When does a smoker tell you they need a smoke? When things are going smoothly and all is right in their world? Or do they tell you the need to “go burn one” before they go to jail? That’s right, they do it to relieve stress.
So try it with me, let’s take a drag. Then I’ll show you why this works.
Purse your lips so that the mouth is just barely open. Now breath in through your mouth only. When done correctly, you should barely get any air in, it should make noise as it does. Now halfway through that breath, open your mouth and suck air in. Pull it all the way down.
Feel what happens to your body when you do this. Try it again.
When you gulp the air, you are activating the diaphragm. When stressed the diaphragm locked up. We use other muscles to breathe. This causes a cascade of reaction within the nervous system.
By activating the diaphragm, breathe deep into the lungs again, which calms the nervous system. Activating the nervous system sedates the vagus nerve. The vagus nerve is one of the few vessels that runs through the diaphragm. The vagus nerve modulates our blood pressure and our autonomic nervous system, where our fight or flight reaction resides.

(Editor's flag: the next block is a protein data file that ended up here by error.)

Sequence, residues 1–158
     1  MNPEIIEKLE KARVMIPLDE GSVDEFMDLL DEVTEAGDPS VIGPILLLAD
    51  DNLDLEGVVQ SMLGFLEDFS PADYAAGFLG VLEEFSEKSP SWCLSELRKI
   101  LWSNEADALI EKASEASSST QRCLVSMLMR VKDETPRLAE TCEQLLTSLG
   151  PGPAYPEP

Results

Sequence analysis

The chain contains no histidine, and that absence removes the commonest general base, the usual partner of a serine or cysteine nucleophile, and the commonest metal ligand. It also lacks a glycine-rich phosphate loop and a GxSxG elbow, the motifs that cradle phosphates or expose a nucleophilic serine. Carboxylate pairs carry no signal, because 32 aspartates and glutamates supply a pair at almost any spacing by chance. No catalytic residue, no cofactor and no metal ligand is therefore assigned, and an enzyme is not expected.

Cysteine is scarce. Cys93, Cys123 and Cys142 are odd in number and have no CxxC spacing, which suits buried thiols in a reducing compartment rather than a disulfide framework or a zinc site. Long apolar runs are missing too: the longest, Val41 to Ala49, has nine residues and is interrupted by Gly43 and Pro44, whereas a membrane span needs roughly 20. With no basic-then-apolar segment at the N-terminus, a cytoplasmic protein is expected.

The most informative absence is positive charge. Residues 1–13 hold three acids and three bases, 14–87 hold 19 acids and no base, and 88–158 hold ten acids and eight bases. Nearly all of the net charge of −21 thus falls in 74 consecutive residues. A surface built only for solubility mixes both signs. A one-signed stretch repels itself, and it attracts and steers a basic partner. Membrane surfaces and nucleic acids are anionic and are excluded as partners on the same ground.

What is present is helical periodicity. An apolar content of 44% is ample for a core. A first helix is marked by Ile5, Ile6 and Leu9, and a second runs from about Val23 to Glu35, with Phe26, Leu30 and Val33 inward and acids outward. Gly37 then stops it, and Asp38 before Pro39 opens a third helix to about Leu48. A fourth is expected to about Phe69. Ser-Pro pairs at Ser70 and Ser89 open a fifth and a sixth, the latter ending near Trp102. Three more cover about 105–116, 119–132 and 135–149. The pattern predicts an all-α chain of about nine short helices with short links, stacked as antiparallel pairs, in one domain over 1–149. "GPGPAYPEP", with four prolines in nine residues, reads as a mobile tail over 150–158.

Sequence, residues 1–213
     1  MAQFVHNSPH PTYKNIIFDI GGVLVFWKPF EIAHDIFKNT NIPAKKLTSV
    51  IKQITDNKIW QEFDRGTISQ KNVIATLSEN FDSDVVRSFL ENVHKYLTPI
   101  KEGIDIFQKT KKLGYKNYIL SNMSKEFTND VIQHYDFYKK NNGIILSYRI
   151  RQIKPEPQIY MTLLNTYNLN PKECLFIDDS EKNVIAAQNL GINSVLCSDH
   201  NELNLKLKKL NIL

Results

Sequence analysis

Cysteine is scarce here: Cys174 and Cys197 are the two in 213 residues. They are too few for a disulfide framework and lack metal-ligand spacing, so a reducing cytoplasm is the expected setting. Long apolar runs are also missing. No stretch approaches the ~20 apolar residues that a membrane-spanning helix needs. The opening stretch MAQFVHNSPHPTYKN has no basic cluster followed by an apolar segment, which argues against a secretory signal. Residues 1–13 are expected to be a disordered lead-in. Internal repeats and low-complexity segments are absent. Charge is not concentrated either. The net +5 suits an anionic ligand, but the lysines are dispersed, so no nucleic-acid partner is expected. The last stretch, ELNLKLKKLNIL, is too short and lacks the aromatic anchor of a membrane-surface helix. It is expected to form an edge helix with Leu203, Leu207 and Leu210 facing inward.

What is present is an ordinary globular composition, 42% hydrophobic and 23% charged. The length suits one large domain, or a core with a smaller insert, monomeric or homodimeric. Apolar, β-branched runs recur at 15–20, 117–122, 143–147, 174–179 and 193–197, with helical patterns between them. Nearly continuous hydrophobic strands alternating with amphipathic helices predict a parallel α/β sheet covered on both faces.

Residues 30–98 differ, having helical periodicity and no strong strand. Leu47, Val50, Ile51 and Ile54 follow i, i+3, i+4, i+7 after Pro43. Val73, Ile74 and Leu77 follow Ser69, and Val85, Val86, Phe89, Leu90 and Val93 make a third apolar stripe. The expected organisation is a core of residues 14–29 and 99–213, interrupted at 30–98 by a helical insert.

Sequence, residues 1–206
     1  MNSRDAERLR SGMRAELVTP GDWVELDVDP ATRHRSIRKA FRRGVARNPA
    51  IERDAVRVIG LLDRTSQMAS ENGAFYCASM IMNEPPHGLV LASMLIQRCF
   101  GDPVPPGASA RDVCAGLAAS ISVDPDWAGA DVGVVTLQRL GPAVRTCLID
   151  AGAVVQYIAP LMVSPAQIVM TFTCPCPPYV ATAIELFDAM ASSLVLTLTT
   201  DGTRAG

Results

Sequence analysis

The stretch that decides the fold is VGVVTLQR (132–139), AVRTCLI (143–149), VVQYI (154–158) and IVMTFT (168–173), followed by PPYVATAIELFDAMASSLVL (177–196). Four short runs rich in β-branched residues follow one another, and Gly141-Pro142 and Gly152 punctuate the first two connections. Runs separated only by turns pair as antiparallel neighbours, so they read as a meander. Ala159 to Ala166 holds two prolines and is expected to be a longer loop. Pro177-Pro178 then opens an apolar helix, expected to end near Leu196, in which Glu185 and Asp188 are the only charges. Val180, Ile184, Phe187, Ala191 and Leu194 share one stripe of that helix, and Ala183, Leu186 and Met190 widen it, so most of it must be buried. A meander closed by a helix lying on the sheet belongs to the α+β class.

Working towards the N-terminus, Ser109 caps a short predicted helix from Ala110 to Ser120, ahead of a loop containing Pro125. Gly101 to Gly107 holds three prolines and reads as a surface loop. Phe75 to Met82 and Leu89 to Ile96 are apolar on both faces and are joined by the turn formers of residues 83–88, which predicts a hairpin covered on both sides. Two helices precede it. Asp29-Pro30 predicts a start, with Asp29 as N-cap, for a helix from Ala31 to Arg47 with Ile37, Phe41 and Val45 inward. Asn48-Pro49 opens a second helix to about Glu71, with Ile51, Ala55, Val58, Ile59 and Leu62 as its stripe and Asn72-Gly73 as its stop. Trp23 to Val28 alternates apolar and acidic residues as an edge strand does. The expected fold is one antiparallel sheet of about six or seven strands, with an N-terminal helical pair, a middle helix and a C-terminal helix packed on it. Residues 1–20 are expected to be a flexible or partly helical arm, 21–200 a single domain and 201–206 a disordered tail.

By taking a cigarette break during stress, we are helping to destress the body and nervous system.
It is not the nicotine that calms the smoker’s nerves, it’s the action of the breath. It takes too long for the nicotine to take effect. It is the breath technique that calms the body. You just felt it happen in real time.
So the next time you are in a situation where you find yourself getting closer to an emotional reaction, take a smoke break. Allow your mind the chance to step back, take a look around. Look at the event, situation, or occurrence clearly for what it is and what it has to do with you. Then take another drag. Now formulate a reasonable response (and no response is a response). Once a decision is made, act on it. Commit to a plan of action (or inaction) with mindful purpose and intention.
I guarantee you this will save you lots of grief.
Jocko was on to something good, and he applied it to more than the field of combat. He applies this principle to everyday life. You can too.
Take a moment.
This week in Tai Chi, let’s work on the Yang Style Long Tai Chi form.
Classes are as follows.
All classes are pay as you go. No contracts or commitments.
Dubois County Museum
Classes are $12.
Tri State Holistic Wellness
500 Saint Phillips Rd 47712
Classes are $10 cash
Saturday 11:00 am
Unity of Evansville
4118 Pollack Ave 47714
Classes are $10 cash
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In the Tao,